Cute cats may seem to have become a tiresome meme peculiar to the internet’ s social media. But Peggy Gavan, in her recent book The Cat Men of Gotham: Tales of Feline Friendships in Old New York, says a cat obsession was evident decades ago. In the late 1800s and early 1900s, thousands of feral cats were rounded up and gassed in New York, supposedly for humanitarian reasons. Poor children were paid a nickel per cat caught, which meant that hundreds of healthy pets were also slaughtered. Gavan’s book documents how many New Yorkers pushed back and saved many cats by publicising the good that cats did. “In the late 1800s, early 1900s, every time a cat did something – saved its family by meowing at a fire, or was rescued by a police officer, or something like that – it always made the headlines,” Gavan writes.
Although Gavan is undoubtedly a genuine cat-loving woman, her book is mostly about cat-loving men banding together to protect the creatures. She writes that the gender norms of this time, before World War I, kept women at home and out of workplaces that feature in the stories of cat rescues. The press too was male-dominated, so it was men who wrote the articles about men engaging with cat exterminators. There are few “cat-women” in the news articles that she researched for her book.
“Every police station, every firehouse, had a cat. You had hundreds of cats down at the post office,” Gavan writes. “Most businesses, restaurants, hotels, had cats because they controlled the mice and the rats. Cats would just do more things. And the ‘cat men’ would always call the press and make a big deal out of it.”
For example, the huge Brooklyn shipbuilding yard was infested with thousands of rats in the late 1800s, causing damage to the docks and equipment. The US Navy tried to deploy dogs against them, but they were terrified of the rats. Workers managed to attract scores of cats to the yard and the rats were brought under control. One newspaper wrote that a ratter named Minnie “deserves a gold medal for preserving the property of the United States people.”
If we seek genuine crazy (if fictional) cat-men, we must look to the movies for this other gender stereotype. Heroes may love good dogs, but a world-conquering mastermind is a cat person. He will own a large hairy cat, all black or all white. The villain slowly strokes the cat on his lap in a way that looks more menacing than comforting while he explains how he is going to dismember the Hero and destroy the planet. The villain’s cat is an evil accessory descended from the witch’s familiar. It is superior, other-worldly, and the perfect adviser to someone taking over the world, probably because cats have already done it.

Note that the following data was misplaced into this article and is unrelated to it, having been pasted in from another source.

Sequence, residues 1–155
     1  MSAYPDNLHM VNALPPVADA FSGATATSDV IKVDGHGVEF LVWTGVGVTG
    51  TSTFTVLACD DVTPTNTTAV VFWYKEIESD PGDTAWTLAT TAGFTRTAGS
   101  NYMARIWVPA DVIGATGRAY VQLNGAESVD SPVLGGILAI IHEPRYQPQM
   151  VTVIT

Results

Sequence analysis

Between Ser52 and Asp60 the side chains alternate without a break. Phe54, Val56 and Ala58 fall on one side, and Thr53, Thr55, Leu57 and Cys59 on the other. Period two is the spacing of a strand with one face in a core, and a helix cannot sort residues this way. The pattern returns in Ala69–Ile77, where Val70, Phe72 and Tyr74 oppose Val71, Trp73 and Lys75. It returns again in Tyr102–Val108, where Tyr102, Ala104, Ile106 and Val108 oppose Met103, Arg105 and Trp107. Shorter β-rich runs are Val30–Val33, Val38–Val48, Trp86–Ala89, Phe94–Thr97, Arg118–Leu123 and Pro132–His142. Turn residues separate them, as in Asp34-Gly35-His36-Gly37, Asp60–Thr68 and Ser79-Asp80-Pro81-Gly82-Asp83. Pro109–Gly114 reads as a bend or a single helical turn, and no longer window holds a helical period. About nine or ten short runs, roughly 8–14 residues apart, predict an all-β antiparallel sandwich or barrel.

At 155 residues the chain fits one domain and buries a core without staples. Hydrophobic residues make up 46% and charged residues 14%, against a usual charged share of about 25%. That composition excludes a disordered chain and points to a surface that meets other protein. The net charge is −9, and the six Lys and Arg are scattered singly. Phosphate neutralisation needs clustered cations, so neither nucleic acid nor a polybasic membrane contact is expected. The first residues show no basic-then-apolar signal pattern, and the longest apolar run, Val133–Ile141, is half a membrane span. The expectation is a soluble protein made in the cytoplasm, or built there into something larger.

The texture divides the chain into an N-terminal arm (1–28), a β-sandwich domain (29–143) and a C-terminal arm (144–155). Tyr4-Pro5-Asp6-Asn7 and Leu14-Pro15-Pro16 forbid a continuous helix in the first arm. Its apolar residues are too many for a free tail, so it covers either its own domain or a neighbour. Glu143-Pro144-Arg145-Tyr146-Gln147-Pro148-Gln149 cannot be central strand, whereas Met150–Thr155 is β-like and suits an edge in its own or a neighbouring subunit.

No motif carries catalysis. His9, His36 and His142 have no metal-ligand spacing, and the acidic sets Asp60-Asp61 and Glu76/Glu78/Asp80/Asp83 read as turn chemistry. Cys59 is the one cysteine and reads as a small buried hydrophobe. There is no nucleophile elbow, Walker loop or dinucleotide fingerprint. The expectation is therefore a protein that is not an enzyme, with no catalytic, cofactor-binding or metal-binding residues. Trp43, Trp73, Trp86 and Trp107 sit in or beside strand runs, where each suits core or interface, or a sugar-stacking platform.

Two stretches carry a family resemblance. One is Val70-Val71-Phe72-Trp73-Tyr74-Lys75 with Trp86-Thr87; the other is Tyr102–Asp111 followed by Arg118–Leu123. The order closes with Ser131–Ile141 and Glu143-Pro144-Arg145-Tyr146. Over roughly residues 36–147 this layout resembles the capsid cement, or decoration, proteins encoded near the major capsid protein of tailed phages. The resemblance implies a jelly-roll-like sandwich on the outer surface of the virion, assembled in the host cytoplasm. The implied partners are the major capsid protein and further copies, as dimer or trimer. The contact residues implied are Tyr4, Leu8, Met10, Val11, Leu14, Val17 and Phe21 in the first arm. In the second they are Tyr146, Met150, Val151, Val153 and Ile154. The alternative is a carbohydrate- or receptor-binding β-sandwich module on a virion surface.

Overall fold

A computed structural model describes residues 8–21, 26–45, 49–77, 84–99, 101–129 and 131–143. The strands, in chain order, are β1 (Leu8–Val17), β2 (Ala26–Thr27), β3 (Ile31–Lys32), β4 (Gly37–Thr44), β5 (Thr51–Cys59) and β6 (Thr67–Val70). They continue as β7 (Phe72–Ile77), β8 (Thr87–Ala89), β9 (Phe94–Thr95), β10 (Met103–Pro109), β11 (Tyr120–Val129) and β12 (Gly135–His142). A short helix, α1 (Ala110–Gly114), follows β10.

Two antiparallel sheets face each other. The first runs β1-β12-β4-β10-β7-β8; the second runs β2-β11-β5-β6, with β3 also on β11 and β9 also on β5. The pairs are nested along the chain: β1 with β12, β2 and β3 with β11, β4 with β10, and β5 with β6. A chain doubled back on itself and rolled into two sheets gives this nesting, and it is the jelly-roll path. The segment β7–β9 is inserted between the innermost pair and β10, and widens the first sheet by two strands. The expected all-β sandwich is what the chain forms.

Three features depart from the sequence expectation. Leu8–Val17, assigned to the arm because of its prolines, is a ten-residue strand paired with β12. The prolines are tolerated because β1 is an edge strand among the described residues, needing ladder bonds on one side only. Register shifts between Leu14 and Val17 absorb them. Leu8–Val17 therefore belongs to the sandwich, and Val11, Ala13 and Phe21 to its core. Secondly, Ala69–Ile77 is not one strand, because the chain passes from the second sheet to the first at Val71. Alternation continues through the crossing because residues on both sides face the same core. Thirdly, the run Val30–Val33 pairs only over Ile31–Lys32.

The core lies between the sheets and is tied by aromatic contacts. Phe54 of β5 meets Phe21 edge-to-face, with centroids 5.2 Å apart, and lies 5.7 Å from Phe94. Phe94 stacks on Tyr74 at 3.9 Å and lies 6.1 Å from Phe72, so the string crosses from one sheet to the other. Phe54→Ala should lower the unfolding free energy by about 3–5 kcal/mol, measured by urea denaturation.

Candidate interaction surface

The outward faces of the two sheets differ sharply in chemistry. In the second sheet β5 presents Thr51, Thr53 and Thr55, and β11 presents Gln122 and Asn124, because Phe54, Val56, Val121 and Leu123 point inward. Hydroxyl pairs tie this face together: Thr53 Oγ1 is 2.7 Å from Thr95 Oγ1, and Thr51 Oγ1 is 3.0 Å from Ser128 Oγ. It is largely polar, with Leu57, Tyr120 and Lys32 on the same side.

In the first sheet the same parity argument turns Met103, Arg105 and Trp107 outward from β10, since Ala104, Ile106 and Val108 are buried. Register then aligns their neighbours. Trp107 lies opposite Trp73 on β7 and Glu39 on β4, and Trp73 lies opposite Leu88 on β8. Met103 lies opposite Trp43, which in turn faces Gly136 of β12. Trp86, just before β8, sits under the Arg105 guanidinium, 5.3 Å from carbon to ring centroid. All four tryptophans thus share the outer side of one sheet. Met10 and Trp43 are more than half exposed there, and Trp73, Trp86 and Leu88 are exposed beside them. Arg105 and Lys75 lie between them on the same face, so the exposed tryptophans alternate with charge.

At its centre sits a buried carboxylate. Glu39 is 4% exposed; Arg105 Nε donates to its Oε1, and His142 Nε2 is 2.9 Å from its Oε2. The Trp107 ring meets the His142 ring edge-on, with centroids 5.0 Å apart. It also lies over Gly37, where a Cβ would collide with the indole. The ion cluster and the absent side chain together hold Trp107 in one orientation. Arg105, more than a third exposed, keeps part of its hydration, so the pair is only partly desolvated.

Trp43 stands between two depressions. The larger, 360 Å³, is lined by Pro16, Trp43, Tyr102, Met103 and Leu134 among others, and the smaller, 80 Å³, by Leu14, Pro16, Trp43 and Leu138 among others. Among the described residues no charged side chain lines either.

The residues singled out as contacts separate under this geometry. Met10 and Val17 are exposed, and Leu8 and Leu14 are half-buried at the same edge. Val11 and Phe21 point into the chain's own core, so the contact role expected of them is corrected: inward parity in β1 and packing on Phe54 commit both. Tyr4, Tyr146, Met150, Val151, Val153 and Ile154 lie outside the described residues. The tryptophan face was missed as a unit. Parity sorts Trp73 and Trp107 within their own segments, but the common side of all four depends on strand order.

The origin of the evil plotter-and-cat theme was Cardinal Richelieu, the 17th-century power behind the French throne, and villain of The Three Musketeers. The cardinal was such devotee of cats – he owned 14 at the time of his death – that he made their adoption as companions fashionable in French society. Richelieu had a cattery built at his residence, the Palais-Royal, where he kept his mostly Persians and Angoras. He always had a cat on his lap as he worked, and most artwork pictures him petting a white cat while scheming. Any resemblance to Ernst Blofeld (Donald Pleasence) evilly stroking a white Angora on his lap in You Only Live Twice is probably not coincidental. Aside from movie villains and their right-hand cats, the tales of real-life heroic or simply interesting men and their cats are just as intriguing. They give the lie to the odd concept that the cat is predominately a pet for lonely women.
It was long believed that cats were first domesticated in Egypt, given the extensive evidence found there. But in 2003, French archaeologists found the carefully buried remains of a human and a cat, along with seashells, polished stones, and other decorative artefacts, in a 9,500-year-old grave on the Mediterranean island of Cyprus. This find, in a Neolithic village, predates early Egyptian cat art by more than 4,000 years. Cats were not native to Cyprus – local legend says they were imported in the fourth century to control snakes and rodents. The modern breed of Cyprus cat has features similar to Egyptian cats. Medieval documents suggest that a statue of Bastet, the Egyptian cat god, once stood on the Cape of Cats on the south coast of the island, facing towards Egypt.
Shortly after the era of Mohammed, an unknown ninth-century Irish scribe in an Austrian monastery wrote a delightful short poem about his cat in Old Irish, in the margin of a manuscript. It is the first named personal cat in European literature – Pangur Bán, “white Pangur.” In eight verses of four lines each, the author compares the cat’s happy hunting with his own scholarly search for the right words.
I and Pangur Bán, my cat,
‘Tis a like task we are at;
Hunting mice is his delight,
Hunting words I sit all night.